I read a lot this month, mostly to keep my mind off my flooded house. Some books helped better than others. See below.
A lighthouse keeper and his wife on a deserted post find a baby washed up on the beach. The wife has miscarried three times and is in despair of ever bearing a child. They keep the baby, setting off a moral dilemma that has far reaching consequences. I enjoyed it. In our book club, we often rate books on a scale of 1 to 10. I gave it a 6.
An elderly widow asks a widower who lives a few blocks away to come to her house several times a week to sleep with her. Now there's an interesting premise. A "sweet" book, with a rather contrived ending. (No worries--they don't die at the end).
I am a big fan of Nora Roberts. In fact, reading her Silhouette romances convinced me to become a romance writer. Whiskey Beach is a typical N.R., not one of her best but a fun read.
I ordered this book for my Kindle after seeing some good editorial reviews on Amazon. Don't always believe what you read. This book, written from a stalker's point of view, was disgusting, revolting, utterly gross. I can't believe a woman wrote it. On a scale of 1 to 10, it gets a zero.
It's now been a month since the Great Memorial Day Flood, and I have been coping better than I would have expected. My "Flood Notebook" is full of interesting information that I've learned, like what "proof of loss" is, how many people want to dry out/clean out/rebuild your house, and most of all, how much you can do without. I am back in my 5-bedroom house and making do with a bed, a breakfast room table and chairs and a chair for my built-in desk. The bottom 2 feet of sheet rock is torn out all through the house, and the cat loves it because I can't close him in a room any more--he just walks right through the walls.
My dishwasher drowned in the flood. The nice adjuster who was here explained that it's because the motor is underneath. Who knew? So now I wash dishes by hand after each meal, which is okay because I don't run out of spoons because they're all in the dishwasher. But I don't like drying dishes, so I decided to try to buy a dish drainer. I wasn't sure they were still around because frankly, I haven't seen or used one in probably 30 years. I went to Bed, Bath and Beyond and, not certain the clerk would know what I was talking about, asked if they had a dish drainer. Surprise! They had several. I bought the smallest, cheapest one...and I got a 20% flood-victim-discount.
Seeing it sitting on the counter makes me feel a bit like June Cleaver. Yes, I know--some of you use dish drainers all the time, but I have been too lazy all these years to wash dishes without relying on a machine
Seriously though, the most important thing I've learned from the flood is how kind people are and how fortunate I am to have friends who care and take the time to check to see how I'm doing and if I need help with anything. In spite of everything, feel truly blessed.
I'm a bit late (no, a lot late) with May book reviews, but I've been dealing with a flooded house, the worry that Tropical Storm Bill would cause another flood, and living in a 5-bedroom home where all my furniture is piled in the middle of the rooms except my bed, my breakfast room table and chairs and the chair to my built-in desk. And of course, the sheet rock is torn out two feet up from the floor...and I still can't find my salt and pepper shakers. Anyway, on to the books I read last month.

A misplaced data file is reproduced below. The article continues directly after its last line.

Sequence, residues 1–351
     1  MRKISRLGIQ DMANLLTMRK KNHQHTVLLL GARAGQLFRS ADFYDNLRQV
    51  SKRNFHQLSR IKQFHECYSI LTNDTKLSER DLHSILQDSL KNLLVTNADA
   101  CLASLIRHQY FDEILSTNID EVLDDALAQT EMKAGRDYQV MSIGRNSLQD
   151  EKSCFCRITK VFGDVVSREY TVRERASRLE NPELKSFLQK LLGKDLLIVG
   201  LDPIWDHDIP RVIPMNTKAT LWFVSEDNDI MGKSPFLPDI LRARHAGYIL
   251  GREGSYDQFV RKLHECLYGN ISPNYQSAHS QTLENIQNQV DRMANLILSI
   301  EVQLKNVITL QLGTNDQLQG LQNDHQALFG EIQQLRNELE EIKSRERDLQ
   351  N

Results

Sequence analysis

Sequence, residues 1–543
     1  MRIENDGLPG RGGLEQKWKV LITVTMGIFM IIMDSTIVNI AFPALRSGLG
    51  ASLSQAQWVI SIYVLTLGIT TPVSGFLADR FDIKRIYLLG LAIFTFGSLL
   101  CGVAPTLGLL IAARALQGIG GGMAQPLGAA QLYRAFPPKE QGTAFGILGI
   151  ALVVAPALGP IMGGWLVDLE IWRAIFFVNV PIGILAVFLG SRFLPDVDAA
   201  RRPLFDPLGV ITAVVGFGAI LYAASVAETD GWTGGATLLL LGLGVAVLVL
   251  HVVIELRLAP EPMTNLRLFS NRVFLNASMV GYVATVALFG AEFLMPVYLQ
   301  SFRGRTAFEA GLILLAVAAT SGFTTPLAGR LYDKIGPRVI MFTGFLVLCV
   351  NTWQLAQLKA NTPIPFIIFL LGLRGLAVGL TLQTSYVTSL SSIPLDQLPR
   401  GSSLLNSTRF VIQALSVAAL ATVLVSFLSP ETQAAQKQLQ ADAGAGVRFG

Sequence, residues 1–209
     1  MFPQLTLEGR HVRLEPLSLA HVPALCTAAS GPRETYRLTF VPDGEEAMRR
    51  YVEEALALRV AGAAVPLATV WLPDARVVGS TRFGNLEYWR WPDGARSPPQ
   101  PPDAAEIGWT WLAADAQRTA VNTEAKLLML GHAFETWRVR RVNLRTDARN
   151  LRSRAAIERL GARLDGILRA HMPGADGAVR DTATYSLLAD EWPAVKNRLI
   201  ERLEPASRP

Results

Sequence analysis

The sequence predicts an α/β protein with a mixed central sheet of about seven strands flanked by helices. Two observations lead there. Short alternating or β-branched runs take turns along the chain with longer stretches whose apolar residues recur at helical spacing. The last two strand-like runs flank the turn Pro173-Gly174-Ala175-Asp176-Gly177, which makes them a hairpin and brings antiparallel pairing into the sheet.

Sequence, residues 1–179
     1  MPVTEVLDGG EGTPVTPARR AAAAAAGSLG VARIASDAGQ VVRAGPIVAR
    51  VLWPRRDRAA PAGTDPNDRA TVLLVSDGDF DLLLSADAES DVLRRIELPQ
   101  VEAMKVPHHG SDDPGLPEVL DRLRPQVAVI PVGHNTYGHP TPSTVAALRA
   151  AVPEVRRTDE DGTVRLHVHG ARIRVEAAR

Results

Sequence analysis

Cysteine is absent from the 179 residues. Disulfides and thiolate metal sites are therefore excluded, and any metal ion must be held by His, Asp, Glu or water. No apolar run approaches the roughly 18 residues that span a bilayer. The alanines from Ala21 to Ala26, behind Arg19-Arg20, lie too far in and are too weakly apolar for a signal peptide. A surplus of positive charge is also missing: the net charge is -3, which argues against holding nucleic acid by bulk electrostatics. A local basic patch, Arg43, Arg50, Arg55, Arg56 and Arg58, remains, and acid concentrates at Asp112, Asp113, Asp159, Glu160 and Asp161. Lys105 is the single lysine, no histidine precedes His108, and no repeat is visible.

A stranger visits various people and whispers secrets that change their lives. Implausible and weird. I could not suspend my disbelief for even a minute. Read at your own risk.
This is another weird book, a supposedly modern-day version of the myth of Castor and Pollux. The twins in this story were so identical and so confusing, I couldn't make sense of it at all. Another read-at-your-own-risk book. Sorry, Scott Turow, I used to love your work.
I heard Geoff Dyer read from his book, and I bought it the next day. As a resident writer for two weeks aboard an aircraft carrier, he describes all aspects of aircraft-carrier life in hilarious detail. Some Amazon reviewers felt he was disrespectful of the ship and crew, but I loved it and laughed all the way through it.
A college student interviews a condemned killer who is dying of cancer and becomes intrigued by his story. Okay but not great.
I love Liane Moriaty's books, and this one didn't disappoint. What happens after a wife finds a note her husband meant for her to read after his death? A fun read.
The White House as viewed by the "little" people who work there, as cooks, butlers, florists, housekeepers, etc. Moderately interesting.
I'm the mother of three, grandmother of two, slave of two demanding cats. I've been a widow for four years and have taught resource courses for widows and widowers. I've written romance novels. See my website at www.eclectics.com/ lornamichaels. Currently I'm working on a memoir titled Stumbing Through the Dark.
More about me: Born in Austin, TX
Favorite color: purple
Favorite song: The Wind Beneath My Wings (hear it as you read this blog)
Like to: read, cook, travel (last big trip was to Spain) write, learn new things.
Hate to: exercise